Compliance isn’t the sexiest of topics, but it’s one of upmost importance, especially considering there were 76,418 discrimination charges filed with the U.S. Equal Employment Opportunity Commission alone in 2018. And it’s why we recently teamed up with GoodHire to shed light on new ban-the-box laws (some of which can conflict with FCRA and EEOC laws), as well as important compliance laws not to miss when maintaining a fair hiring practice for your company.
As businesses ramp up their hiring, especially across multiple locations in the U.S., they’re probably going to consider at some point in time using pre-employment background checks for a couple of reasons. One, because it’s a risk mitigation measure against any sort of negligent hiring claim, which is very important to any business trying to limit risk. It also builds trust between organizations and their employees, and between organizations and their purchasing publics.
Compliance can be a meaty and complex topic, so we found it critical to arm our audience with the facts and areas of focus after the webinar. Here are five requirements not to miss as you hire the next wave of great talent fairly for your organization.
1. The Fair Credit Reporting Act
At the federal level, you’ve got the Fair Credit Reporting Act, which is referred to as the FCRA. The FCRA regulates the procurement process, the use of pre-employment background checks, and other types of background checks that are known as consumer reports. The federal law sets out specific procedures for getting candidate consent for background checks and specific procedures for what process you have to follow if you’re going to use information in a background check against the candidate in a hiring decision.
If hiring for any position, ensure you are compliant with the up-to-date FCRA laws by jurisdiction before asking for credit history or a background check.
2. Consent form compliance and adverse action compliance
“These are the two main areas where we see employers get into trouble,” says Elizabeth McLean, General Counsel of GoodHire. “We see a lot of litigation against companies who aren’t digging into the federal law and making sure that their forms, specifically their consent forms, meet federal requirements.” According to McLean, employers are failing to make sure that their adverse action process is being performed at all, and if so, if it is being performed in the way that the FCRA requires.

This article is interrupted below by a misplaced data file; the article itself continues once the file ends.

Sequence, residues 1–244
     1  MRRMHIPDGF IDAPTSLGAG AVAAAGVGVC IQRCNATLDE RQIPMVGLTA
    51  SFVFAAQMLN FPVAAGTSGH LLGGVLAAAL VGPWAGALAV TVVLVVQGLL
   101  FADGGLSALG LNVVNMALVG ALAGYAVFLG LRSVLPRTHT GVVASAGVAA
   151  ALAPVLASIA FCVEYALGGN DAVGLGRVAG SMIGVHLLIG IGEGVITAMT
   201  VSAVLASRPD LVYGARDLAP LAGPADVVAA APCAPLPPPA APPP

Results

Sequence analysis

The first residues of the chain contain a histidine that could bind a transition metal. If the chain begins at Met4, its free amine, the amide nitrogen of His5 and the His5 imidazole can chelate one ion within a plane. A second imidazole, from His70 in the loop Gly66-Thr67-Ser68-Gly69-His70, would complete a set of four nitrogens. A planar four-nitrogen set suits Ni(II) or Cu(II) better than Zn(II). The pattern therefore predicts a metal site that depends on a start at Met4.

Two key items to cover to ensure fair hiring practices:
- Consent form compliance
Make sure your consent forms contain only a disclosure, that’s the legal term for the paragraph that describes the background check, and an authorization, the paragraph that actually gets the authorization from the candidate to run the check.
- Adverse actions
“Make sure you’re following the three-step process that’s set out under the FCRA,” says McLean. It’s very clearly laid out. If you have questions about it, GoodHire also has a ton of resources. But the federal process, the three-step process, that requires sending a pre-adverse action notice when you think information found in a background check might be used to form an adverse hiring decision. Then you have to wait five business days. After five business days, you have to send a final adverse action notice if you decide to formally withdraw an offer or fail to hire. So if you cover your bases with consent form compliance and adverse action compliance, you’re going to significantly mitigate your risks when using background checks.
3. Ban-the-box requirements
The ban-the-box movement becomes critical at the state and local level, and has become a key area of compliance for recruiters. Ban-the-box regulates the timing of background checks, or when you can ask about criminal history. It can also regulate what information can be used from a background check, how it can be used, as well as what kinds of notices or information about the checks you have to provide your candidates.
4. Drug screening laws